“And behold, I am with you always, until the end of the age.” Matthew 28:16-20.
On feast of the Ascension, we listen to Matthew who brings his gospel to its conclusion, always looking for the spirit of empowerment, and do as Christ commanded, namely to go out onto this world stage.
There are great vulnerabilities for those who act on behalf of Christ, even Matthew notes, “When they saw him, they worshiped, but they doubted.” Nonetheless, they were called to do his work.
Let’s examine for a moment, those who suddenly find themselves – thrust into the spotlight, or filling in, and doing the unexpected.
Here I’m thinking of great actors defined by their roles, with entrances and exits on the stage, but most especially those understudies that may be called on – at a moment’s notice.
Perhaps here is a compelling example.
Several years ago, I read a short piece by Glenn Close, the actress whose career spans forty or more years. It detailed her life as an understudy.
She was in films like “The Big Chill,” “The Natural,” “Fatal Attraction.” Ok, you still don’t recall her? How about her role as Cruella de Vil in “101 Dalmations?” She has the most Academy Award nominations (4) for Best Actress in a Lead Role, never having won.
Most recently, she reprised her iconic role as Norma Desmond in Andrew Lloyd Webber’s Broadway musical drama, “Sunset Boulevard.”
The New York Times has called Close’s performance as “one of the great stage performances of this century.” This play will close in late June.
So where and when was Glenn Close discovered?
Close writes that in the early 1970’s she was hired by a New York repertory company, playing minor roles, working as an understudy on a Thomas Congreve 17th restoration comedy entitled “Love for Love.”
The play starred an older and well-regarded British actress, Mary Ure, who was once the “toast of the London stage.” During the out of town previews, Hal Prince, the director, realized there were too many disagreements with his lead actress, and Miss Ure could not remember her lines.
So after the last matinee and just before the formal opening, Hal Prince fired Mary Ure, replacing her with the understudy, Glenn Close.
Before the evening performance, as Close was being fitted for her costume, in what had been Ure’s dressing room only moments before, Close received a note. It was from Miss Ure.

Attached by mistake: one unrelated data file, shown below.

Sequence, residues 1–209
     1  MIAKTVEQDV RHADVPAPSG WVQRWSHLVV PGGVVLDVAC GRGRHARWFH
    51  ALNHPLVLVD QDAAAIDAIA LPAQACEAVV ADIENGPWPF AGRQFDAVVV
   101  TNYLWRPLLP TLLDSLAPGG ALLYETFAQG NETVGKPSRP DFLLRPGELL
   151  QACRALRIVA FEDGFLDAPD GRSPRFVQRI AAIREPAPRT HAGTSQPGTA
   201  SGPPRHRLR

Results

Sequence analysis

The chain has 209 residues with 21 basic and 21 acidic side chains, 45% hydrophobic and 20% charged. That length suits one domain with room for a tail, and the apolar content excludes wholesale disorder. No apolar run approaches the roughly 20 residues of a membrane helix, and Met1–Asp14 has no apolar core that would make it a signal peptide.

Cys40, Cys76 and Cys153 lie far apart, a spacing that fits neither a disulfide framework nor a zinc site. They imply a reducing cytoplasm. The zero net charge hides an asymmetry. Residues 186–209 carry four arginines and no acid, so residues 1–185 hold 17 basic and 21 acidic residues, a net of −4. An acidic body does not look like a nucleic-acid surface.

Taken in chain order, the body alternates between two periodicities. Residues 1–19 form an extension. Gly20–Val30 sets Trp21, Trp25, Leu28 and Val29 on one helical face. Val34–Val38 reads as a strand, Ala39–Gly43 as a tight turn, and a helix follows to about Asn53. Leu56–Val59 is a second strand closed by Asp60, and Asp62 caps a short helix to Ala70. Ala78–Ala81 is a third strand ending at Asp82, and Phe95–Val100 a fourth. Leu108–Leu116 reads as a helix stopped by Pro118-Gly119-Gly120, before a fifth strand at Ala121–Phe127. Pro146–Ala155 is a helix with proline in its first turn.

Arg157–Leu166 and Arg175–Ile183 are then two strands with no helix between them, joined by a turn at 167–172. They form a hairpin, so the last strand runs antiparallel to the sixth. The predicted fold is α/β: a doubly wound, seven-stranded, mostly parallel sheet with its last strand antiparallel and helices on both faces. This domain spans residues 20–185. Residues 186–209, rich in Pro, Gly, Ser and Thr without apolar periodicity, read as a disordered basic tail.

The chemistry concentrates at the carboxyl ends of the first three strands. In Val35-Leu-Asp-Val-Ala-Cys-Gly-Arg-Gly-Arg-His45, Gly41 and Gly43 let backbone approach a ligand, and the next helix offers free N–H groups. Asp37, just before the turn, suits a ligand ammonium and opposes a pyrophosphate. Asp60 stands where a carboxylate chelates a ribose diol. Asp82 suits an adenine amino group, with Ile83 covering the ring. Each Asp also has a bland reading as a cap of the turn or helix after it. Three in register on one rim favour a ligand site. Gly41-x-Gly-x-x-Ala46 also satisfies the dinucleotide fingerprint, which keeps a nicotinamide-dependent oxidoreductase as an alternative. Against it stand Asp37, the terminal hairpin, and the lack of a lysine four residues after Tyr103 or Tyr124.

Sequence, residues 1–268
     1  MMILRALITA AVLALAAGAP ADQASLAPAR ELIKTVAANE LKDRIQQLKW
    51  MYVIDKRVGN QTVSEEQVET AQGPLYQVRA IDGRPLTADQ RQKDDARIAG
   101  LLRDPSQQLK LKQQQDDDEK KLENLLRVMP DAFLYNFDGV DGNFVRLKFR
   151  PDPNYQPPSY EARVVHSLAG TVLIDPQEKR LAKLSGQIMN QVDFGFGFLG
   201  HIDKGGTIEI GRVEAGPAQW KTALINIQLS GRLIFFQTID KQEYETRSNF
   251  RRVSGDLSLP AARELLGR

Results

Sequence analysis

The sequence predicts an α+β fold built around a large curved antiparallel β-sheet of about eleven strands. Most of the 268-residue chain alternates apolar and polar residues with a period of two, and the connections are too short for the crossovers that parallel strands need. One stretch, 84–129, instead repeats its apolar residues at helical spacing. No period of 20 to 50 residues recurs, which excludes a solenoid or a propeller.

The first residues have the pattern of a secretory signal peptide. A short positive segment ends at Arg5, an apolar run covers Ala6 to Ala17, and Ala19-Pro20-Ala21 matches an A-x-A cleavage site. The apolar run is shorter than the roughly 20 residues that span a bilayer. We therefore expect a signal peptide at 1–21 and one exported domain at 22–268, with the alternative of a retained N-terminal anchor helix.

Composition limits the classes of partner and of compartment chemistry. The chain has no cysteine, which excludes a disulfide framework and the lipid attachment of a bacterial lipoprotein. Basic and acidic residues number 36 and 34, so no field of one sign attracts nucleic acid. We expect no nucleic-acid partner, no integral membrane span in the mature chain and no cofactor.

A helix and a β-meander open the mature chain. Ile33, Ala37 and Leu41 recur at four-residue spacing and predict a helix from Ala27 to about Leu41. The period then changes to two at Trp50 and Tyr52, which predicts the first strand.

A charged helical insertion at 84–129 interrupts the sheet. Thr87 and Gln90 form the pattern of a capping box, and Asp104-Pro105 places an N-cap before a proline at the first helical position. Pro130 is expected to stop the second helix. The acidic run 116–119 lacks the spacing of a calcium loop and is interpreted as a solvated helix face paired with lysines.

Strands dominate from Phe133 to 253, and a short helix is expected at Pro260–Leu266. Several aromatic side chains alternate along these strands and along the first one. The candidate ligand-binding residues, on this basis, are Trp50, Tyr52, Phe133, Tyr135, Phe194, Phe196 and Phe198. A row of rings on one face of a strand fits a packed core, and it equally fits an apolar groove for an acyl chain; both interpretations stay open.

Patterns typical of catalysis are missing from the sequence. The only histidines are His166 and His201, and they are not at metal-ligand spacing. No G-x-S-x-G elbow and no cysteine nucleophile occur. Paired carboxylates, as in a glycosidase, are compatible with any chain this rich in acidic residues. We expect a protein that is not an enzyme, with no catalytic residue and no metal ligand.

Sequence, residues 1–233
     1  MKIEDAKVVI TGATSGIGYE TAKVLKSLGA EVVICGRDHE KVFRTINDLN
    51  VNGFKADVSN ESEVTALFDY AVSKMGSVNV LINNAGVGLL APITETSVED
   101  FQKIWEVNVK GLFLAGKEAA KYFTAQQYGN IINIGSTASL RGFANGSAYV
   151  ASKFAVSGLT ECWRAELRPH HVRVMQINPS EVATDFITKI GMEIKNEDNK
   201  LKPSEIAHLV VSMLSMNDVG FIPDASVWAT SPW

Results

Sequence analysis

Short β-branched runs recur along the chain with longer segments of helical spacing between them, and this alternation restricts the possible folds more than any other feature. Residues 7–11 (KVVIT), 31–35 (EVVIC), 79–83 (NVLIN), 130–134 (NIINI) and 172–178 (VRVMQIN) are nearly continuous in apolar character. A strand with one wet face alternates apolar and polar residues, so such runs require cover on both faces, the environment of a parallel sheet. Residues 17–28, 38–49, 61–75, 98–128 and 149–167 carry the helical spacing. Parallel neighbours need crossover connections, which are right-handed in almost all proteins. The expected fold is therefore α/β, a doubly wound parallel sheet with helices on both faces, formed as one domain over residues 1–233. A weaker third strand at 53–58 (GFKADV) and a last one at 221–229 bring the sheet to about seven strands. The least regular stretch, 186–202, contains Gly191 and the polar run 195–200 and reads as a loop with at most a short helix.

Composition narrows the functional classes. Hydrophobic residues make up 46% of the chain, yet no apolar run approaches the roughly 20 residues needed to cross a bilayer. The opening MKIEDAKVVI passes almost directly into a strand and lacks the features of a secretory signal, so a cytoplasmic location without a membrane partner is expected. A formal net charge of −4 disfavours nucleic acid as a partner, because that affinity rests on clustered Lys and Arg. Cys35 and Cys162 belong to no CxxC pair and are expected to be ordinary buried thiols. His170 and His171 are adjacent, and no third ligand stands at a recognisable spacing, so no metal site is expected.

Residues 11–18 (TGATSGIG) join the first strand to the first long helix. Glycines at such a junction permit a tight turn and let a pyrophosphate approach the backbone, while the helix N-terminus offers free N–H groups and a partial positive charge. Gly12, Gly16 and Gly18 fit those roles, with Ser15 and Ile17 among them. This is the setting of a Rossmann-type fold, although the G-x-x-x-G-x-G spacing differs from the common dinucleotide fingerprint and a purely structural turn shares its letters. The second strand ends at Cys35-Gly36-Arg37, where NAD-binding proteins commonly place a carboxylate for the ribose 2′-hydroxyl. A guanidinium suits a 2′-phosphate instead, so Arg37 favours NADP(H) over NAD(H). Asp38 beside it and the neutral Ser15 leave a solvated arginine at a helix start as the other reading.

The note read: “It is a tradition in the English theatre for one leading lady to welcome the next leading lady into her dressing room. I learned this when I was very young, and making my debut at the Haymarket. I was surprised to find a letter from Dame Peggy Ashcroft, who had just closed after a long run. I salute you and welcome you. Be brave and strong. Mary Ure.”
To this day, Glenn Close continues this kind gesture. She leaves a letter of welcome and encouragement to those lucky enough to make it to the stage in a leading role.
What does this have to do with Jesus Christ and his people, now set to take the world stage?
Simply, that we too need welcome and encouragement – all those talents that you have — can be employed to bring his faith, hope and love into a world that is so in need of your service.
When you read the gospel, notice how Jesus did not encourage acts of vengeance on his enemies, rather he insisted on loving one another, even one’s enemies.
When you read the gospel, notice how Jesus asks for a deep and nourishing faith in order to inspire our mission.
When you read the gospel, notice how Jesus does not call us apprentices or understudies, but full actors and sharers in his work on behalf of the Father and the Spirit.
We are to go out into the world, baptizing in his name.
In effect, Jesus says, I salute you and welcome you.
Your work is God’s work.
Be brave and strong!
Here, Anthony Breshnican speaks with Steve Hartman on the CBS Evening News (5/26/17) about the enduring legacy of Fred Rogers. These comments are in light of the tragic loss of life both in a concert stadium in Manchester, England, and on a school bus “on the road” in Egypt.